Losing much of its water to leaking pipes and for irrigation – as supplies dry up – Greece needs to adjust the price of the commodity, the Paris-based Organisation for Economic Cooperation and Development (OECD) said.
It wasn't reported how much water bill should rise in the OECD's Environmental Performance Reviews: Greece 2020, but the report warned that, “water scarcity is expected to intensify with climate change… and freshwater abstraction is high due to irrigation and leakage,” reported the Chinese news agency Xinhua.
“It is true that leakage in Greece is quite common and that most of the freshwater we have goes to irrigation,” Simos Malamis, Assistant Professor at the Department of Water Resources and Environmental Engineering at the National Technical University of Athens (NTUA) told the news agency. “Efforts are being made in various parts of the country with leakage monitoring systems,” he said.
He is overseeing some of the water management efforts, as he runs an NTUA-backed project dubbed Hydrousa, which processes wastewater into water for irrigation. “This allows us to save on freshwater that would have gone to irrigation,” he explained.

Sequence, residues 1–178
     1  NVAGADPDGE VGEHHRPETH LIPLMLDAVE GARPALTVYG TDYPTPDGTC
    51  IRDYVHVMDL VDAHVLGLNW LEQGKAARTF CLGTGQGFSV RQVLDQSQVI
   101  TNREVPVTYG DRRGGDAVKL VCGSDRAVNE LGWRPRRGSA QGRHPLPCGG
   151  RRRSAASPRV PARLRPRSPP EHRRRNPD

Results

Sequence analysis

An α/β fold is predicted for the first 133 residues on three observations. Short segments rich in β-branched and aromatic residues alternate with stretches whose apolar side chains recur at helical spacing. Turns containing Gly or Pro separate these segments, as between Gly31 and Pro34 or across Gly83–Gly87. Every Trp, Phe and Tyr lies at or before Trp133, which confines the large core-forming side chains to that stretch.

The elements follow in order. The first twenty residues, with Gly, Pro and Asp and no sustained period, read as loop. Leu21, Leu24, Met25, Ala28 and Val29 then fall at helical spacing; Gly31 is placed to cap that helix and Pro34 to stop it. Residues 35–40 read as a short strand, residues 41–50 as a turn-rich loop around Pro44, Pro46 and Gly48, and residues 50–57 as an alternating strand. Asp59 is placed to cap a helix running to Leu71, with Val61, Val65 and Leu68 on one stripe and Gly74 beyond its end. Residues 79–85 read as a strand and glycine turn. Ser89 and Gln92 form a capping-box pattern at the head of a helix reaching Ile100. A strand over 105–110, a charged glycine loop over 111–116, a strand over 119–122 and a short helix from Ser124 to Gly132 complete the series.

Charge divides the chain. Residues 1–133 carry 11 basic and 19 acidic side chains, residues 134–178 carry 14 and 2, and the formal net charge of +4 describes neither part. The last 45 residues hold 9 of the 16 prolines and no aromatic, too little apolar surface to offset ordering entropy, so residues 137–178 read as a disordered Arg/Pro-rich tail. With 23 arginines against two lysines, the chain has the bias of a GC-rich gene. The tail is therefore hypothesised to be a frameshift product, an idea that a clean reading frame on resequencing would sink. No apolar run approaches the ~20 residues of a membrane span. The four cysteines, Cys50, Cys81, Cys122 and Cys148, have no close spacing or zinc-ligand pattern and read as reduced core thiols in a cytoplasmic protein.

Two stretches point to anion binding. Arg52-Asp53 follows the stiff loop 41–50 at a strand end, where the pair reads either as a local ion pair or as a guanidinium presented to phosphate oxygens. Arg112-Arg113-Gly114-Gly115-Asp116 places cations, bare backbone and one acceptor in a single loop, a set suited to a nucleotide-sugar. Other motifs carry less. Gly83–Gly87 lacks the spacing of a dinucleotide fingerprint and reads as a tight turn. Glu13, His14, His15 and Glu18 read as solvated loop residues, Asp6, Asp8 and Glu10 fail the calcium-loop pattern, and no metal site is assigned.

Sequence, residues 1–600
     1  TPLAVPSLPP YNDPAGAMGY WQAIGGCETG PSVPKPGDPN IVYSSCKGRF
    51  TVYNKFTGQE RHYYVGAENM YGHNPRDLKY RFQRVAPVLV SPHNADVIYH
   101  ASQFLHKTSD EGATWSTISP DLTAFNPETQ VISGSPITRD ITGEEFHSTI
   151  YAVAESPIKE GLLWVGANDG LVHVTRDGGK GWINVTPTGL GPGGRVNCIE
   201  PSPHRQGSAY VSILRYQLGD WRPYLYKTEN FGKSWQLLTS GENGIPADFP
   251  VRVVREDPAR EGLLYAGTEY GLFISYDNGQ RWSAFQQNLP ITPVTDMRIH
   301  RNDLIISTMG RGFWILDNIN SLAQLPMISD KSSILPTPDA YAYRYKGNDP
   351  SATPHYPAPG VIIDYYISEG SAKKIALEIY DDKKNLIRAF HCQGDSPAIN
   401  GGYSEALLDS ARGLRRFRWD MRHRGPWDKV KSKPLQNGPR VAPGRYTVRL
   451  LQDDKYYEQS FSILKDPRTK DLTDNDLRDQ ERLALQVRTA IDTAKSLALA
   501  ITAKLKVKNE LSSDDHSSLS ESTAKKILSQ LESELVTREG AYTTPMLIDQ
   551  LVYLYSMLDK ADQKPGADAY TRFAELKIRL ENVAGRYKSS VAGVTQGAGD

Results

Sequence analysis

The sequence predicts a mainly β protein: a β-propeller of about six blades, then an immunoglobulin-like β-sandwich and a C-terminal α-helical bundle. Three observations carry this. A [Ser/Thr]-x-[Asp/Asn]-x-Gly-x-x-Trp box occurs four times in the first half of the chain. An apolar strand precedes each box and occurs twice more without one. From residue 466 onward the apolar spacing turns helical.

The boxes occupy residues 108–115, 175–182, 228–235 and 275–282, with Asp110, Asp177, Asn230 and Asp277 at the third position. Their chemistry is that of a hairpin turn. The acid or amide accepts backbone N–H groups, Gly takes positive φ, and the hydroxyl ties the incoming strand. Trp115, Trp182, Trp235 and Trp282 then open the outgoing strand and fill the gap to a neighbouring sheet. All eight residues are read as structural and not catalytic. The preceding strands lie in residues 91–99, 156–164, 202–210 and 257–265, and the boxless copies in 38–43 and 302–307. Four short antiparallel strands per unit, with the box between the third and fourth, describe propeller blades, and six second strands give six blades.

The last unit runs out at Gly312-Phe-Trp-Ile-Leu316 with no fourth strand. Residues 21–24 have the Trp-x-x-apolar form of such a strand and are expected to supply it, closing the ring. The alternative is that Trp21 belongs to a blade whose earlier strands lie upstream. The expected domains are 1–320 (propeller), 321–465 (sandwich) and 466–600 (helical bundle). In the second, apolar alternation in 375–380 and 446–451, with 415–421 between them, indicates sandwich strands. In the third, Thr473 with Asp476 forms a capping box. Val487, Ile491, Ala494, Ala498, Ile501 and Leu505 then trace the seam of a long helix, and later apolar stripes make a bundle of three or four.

The OECD said that, “Ensuring that prices cover the cost of supply and reflect scarcity, along with improving agri-environmental measures’ effectiveness, will support sustainable water management.”
Malamis added that, “The price of water in Greece does not reflect the true cost of processing and carriage in the network, especially in parts of the country other than Athens, such as several islands.
“However, what is required is efficient management of resources and networks instead of burdening consumers with the cost of the management errors made,” he also added.